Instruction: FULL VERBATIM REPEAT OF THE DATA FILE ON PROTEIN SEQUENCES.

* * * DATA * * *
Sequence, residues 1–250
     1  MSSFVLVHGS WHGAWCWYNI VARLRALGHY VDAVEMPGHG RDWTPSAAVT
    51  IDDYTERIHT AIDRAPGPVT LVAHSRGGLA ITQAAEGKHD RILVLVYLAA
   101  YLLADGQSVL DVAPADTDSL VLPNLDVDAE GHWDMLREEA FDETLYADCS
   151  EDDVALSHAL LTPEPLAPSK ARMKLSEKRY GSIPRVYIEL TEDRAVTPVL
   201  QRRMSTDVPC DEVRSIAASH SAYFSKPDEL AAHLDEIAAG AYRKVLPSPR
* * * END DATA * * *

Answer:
Sequence, residues 1–250
     1  MSSFVLVHGS WHGAWCWYNI VARLRALGHY VDAVEMPGHG RDWTPSAAVT
    51  IDDYTERIHT AIDRAPGPVT LVAHSRGGLA ITQAAEGKHD RILVLVYLAA
   101  YLLADGQSVL DVAPADTDSL VLPNLDVDAE GHWDMLREEA FDETLYADCS
   151  EDDVALSHAL LTPEPLAPSK ARMKLSEKRY GSIPRVYIEL TEDRAVTPVL
   201  QRRMSTDVPC DEVRSIAASH SAYFSKPDEL AAHLDEIAAG AYRKVLPSPR